*rēd-, Proto-Indo-European root meaning "to scrape, scratch, gnaw."
It forms (possibly) all or part of: abrade; abrasion; corrode; corrosion; erase; erode; erosion; radula; rascal; rase; rash (n.) "eruption of small red spots on skin;" raster; rat; raze; razor; rodent; rostrum; tabula rasa.
It is the hypothetical source of/evidence for its existence is provided by: Sanskrit radati "scrapes, gnaws," radanah "tooth;" Latin rodere "to gnaw, eat away," radere "to scrape;" Welsh rhathu "scrape, polish."
early 15c., attricioun, "a breaking;" 1540s, "abrasion, scraping, the rubbing of one thing against another," from Latin attritionem (nominative attritio), literally "a rubbing against," noun of action from past-participle stem of atterere "to wear, rub away," figuratively "to destroy, waste," from assimilated form of ad "to" (see ad-) + terere "to rub" (from PIE root *tere- (1) "to rub, turn").
The earliest sense in English is from Scholastic theology (late 14c.): "sorrow for sin merely out of fear of punishment or a sense of shame," an imperfect condition, less than contrition or repentance. The sense of "wearing down of military strength" is from World War I (1914). Figurative use of that is by 1930.
early 13c., scrapen, "make erasures (with a knife), erase" (a sense now obsolete); by late 14c. as "to remove (an outer layer) with a sharp or rough instrument," probably in part from Old Norse skrapa "to scrape, erase" and in part from cognate Old English scrapian "to scrape," both from Proto-Germanic *skrapojan (source also of Dutch schrapen, German schrappen), from PIE *skerb- (an extension of the root *sker- (1) "to cut").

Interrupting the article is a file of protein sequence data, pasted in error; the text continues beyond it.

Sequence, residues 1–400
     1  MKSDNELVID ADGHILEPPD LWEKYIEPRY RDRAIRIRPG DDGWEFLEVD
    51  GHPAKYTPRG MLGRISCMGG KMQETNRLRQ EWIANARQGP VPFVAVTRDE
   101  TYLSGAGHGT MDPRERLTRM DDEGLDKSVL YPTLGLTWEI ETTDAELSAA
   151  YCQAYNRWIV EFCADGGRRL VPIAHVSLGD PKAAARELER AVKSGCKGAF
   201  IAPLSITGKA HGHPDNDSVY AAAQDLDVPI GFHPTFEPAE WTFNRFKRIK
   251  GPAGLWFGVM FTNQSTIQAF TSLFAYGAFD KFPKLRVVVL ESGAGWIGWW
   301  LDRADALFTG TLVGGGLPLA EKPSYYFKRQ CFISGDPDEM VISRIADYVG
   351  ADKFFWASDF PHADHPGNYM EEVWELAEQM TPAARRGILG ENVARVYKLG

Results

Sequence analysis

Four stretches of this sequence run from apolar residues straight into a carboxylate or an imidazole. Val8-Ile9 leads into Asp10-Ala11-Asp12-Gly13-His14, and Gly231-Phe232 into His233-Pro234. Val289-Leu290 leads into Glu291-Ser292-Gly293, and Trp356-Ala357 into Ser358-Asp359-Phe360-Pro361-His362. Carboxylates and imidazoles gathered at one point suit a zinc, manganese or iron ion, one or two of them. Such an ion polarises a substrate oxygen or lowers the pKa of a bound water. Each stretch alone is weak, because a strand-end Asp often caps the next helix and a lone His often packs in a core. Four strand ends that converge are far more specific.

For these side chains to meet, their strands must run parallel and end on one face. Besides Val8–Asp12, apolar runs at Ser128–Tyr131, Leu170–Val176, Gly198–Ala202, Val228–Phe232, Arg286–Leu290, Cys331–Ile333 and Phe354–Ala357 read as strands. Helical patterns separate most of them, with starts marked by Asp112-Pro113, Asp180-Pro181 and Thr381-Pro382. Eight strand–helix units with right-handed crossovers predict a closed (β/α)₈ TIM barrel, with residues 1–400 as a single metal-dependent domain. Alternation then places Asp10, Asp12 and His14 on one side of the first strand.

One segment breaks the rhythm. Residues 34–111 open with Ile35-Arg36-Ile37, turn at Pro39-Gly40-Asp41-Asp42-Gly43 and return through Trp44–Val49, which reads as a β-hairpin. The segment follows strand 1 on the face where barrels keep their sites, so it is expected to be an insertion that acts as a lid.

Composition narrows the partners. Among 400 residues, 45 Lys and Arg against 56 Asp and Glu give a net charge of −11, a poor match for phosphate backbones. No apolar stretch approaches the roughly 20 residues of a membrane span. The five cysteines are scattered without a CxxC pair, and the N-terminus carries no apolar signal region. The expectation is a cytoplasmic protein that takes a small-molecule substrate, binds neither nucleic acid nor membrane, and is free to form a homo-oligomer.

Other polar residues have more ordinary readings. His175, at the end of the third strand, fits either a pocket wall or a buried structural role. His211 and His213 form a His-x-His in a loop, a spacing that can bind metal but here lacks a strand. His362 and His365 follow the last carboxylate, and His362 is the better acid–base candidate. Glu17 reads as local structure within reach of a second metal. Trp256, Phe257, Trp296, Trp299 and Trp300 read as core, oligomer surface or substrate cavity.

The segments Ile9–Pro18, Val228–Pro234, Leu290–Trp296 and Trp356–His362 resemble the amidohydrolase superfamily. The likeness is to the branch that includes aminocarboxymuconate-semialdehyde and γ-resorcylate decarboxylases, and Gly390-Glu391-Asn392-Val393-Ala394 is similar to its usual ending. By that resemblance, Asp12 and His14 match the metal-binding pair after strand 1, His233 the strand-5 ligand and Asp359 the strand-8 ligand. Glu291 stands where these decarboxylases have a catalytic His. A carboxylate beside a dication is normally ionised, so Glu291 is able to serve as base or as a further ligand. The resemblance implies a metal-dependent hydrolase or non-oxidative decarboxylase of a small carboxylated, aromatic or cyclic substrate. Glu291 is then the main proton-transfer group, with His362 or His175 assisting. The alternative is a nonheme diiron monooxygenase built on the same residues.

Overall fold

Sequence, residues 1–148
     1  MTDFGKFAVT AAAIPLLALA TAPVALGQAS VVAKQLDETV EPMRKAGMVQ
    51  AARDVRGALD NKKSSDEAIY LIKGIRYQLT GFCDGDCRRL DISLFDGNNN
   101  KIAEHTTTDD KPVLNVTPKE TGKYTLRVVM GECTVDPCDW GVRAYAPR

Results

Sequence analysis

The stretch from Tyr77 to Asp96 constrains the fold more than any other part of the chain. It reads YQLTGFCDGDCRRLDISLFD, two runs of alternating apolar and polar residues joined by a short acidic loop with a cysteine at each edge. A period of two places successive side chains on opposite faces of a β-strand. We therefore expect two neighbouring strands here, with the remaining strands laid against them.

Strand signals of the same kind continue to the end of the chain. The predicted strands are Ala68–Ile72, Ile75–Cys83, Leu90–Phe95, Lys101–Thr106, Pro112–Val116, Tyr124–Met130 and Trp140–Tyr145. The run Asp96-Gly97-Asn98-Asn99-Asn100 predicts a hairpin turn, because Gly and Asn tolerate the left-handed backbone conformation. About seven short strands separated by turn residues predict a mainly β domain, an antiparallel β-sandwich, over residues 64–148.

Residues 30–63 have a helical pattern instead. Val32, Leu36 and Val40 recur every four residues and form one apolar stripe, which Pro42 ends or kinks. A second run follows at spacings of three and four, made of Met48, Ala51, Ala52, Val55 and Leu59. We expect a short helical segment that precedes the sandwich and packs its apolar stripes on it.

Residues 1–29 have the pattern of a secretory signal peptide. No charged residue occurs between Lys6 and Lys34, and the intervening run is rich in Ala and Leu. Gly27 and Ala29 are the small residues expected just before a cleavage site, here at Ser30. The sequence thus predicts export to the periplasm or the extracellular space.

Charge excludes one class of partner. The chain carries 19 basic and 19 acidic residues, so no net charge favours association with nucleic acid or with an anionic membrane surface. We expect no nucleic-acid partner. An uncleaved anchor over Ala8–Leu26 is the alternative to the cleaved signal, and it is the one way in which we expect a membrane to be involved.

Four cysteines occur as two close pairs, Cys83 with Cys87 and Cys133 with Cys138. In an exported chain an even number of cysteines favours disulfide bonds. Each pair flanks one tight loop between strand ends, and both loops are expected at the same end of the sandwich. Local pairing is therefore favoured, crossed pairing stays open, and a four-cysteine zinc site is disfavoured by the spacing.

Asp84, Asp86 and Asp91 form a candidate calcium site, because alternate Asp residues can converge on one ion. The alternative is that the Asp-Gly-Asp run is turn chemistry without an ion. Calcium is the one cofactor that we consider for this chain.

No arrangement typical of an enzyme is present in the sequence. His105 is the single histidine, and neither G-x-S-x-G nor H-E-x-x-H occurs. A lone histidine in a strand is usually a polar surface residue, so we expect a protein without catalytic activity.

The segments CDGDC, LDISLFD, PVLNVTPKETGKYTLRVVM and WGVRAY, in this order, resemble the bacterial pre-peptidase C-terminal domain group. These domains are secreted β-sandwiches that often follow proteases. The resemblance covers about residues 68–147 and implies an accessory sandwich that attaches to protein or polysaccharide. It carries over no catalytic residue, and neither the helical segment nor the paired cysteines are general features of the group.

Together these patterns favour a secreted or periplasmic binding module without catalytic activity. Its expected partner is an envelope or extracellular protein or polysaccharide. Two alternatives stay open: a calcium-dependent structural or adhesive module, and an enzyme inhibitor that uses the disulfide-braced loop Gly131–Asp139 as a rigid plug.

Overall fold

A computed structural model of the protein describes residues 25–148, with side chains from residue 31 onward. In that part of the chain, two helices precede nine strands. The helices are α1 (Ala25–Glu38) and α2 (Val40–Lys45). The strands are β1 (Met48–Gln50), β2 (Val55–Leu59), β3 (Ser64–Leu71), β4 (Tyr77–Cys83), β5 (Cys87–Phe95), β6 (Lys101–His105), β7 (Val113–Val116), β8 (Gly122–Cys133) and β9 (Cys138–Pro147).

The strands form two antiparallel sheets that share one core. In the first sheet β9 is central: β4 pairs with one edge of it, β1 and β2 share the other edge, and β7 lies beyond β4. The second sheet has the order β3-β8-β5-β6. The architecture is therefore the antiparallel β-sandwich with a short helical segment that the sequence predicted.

The meaning "gather by great effort, collect with difficulty or by small savings" is from 1540s. From 1640s as "draw back the foot as a gesture of obeisance." By 1741 in the transitive sense of "rub harshly on (a surface) in passing along it so as to cause an abrasion or noise." Related: Scraped; scraping.
To scrape acquaintance "get on terms of acquaintance with by careful effort" is from c. 1600. To scrape the bottom of the barrel in the figurative sense of "make do with the most inferior or defective examples of what is wanted for want of any others" is by 1942, in reference to U.S. employers facing worker shortages during the war (the figurative bottom of the (cracker) barrel is by 1938).